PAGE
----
With higher bond yields looming, using more ‘liquid alternatives’ may be one effective way to cope.
This article is part of a regular series of thought leadership pieces from some of the more influential ETF strategists in the money management industry. Today’s article is by K. Sean Clark, CFA, chief investment officer of Philadelphia-based Clark Capital Management.
Alternative investing has just about become a household name as more investors have gained access to alternatives.
Most alternative investment assets are still held by institutional investors or by accredited, high net worth individuals and, according to Preqin, now total $6 trillion.
However, in the last several years, alternative strategies have exploded into the retail marketplace. This growth has resulted in a wide variety of hedge-fund-type strategies being available through mutual funds and ETFs that are dubbed “liquid alternatives.”
Retail investors and asset managers now have access to managed futures, market-neutral, long/short equity, fixed income and many other strategies in a mutual fund wrapper—the same strategies institutional investors and endowments have been using for years.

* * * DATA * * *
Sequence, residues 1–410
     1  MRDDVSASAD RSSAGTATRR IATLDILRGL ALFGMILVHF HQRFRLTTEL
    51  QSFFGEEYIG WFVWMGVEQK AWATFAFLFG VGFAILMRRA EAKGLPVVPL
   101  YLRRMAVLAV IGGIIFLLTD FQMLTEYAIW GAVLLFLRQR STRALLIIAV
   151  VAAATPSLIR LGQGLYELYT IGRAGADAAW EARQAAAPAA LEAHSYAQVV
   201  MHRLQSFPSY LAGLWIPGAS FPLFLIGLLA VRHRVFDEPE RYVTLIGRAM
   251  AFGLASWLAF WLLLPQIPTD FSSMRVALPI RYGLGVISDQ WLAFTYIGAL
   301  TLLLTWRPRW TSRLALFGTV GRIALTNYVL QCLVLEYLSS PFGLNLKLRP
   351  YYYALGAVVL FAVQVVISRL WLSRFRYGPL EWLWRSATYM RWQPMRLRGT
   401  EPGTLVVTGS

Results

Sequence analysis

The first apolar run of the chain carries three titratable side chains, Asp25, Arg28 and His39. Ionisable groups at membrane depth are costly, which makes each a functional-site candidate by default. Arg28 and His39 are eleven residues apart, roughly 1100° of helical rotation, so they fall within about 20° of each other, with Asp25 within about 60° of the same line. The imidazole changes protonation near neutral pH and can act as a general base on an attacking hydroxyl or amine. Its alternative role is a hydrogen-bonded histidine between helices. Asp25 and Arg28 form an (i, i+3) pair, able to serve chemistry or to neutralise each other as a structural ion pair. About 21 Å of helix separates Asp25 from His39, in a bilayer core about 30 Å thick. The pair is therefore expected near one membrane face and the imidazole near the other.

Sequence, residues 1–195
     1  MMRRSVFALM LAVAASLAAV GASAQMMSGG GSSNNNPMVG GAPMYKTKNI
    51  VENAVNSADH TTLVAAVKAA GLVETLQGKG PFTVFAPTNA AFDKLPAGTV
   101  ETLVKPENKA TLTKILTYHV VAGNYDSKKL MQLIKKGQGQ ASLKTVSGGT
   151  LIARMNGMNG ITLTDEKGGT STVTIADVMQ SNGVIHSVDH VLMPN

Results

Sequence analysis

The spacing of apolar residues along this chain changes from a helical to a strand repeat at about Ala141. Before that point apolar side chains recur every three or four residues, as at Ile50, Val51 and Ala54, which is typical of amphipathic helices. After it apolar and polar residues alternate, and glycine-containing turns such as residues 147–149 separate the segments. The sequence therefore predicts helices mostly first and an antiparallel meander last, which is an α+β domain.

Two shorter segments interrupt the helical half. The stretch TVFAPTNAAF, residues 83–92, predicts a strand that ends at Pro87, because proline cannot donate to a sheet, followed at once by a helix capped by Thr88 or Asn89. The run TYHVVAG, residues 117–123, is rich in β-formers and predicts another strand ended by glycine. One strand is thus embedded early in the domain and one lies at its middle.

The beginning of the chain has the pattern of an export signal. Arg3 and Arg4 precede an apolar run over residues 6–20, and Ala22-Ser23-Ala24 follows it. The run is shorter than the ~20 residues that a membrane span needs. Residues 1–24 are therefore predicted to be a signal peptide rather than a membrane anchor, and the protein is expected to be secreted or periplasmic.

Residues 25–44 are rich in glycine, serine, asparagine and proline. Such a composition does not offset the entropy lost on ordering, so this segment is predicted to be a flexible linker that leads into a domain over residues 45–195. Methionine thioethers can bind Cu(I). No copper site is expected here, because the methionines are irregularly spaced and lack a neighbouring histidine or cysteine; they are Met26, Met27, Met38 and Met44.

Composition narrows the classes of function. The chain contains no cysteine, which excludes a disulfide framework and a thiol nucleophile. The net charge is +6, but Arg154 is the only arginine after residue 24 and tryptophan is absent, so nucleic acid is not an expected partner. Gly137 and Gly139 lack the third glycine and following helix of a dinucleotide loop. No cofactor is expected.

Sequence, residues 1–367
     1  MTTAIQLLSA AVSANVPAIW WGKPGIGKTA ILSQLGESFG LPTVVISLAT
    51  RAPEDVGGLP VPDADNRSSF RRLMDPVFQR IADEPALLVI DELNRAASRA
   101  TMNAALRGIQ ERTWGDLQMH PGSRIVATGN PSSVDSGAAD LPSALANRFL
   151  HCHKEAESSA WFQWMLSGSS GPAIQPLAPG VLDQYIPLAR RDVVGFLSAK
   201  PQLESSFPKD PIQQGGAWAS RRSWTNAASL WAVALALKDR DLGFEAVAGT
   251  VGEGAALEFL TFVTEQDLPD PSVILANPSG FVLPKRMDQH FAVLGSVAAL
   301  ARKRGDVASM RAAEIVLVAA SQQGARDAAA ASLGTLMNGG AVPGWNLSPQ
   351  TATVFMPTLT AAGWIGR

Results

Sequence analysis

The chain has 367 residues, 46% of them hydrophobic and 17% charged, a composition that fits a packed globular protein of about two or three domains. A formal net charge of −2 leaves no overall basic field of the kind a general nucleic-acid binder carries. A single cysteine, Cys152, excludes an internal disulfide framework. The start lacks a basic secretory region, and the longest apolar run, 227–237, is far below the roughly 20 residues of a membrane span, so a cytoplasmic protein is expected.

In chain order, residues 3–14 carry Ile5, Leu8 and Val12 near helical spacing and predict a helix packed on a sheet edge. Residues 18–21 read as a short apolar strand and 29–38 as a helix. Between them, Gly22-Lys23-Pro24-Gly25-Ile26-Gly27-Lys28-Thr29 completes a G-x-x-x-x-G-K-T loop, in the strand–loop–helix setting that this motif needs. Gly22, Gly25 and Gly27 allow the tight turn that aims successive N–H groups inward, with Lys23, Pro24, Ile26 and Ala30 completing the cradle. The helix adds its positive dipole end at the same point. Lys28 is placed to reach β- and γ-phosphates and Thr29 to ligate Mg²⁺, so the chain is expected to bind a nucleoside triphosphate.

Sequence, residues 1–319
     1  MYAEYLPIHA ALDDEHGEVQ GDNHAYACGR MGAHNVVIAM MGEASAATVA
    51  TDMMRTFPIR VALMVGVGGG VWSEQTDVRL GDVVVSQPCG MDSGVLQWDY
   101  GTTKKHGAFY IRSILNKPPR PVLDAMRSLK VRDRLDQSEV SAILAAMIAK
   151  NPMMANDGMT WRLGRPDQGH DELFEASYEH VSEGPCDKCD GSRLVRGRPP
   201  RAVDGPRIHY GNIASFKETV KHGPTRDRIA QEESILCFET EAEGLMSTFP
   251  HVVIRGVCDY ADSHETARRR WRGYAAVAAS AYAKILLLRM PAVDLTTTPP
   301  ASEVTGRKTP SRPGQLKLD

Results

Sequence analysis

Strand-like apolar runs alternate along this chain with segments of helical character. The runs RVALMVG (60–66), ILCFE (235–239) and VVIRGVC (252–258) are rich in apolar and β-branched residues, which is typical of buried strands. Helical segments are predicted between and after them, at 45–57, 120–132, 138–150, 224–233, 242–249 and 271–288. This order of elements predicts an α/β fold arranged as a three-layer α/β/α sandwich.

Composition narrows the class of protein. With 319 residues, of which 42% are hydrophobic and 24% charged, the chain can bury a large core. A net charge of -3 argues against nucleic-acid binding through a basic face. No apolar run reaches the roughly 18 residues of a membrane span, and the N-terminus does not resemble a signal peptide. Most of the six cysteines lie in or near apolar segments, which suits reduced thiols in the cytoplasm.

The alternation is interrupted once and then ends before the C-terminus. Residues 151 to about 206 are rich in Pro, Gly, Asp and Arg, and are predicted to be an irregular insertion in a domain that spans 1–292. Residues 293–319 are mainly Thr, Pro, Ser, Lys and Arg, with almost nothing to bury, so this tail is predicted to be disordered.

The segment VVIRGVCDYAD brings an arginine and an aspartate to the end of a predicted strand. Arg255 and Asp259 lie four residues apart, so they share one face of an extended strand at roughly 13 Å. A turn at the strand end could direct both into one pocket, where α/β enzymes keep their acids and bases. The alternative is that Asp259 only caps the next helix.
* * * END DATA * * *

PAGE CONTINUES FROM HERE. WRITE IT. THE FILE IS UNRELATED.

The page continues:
In our view, access to these strategies via liquid vehicles provides advisors and investors with the tools needed to build better portfolios.
However, a liquid structure creates some trade-offs. Since underlying investments need to be liquid, liquid alternatives cannot invest in some of the less liquid instruments that have historically generated high returns in hedge funds. They also cannot use the same amount of leverage to goose returns.
On the other hand, liquid alternatives typically offer a number of appealing features, such as daily liquidity, lower minimum investments, transparency, lower fees and 1099 tax reporting instead of K-1s associated with futures-based investments. The trend of investing in alternative asset classes via liquid strategies has caught on.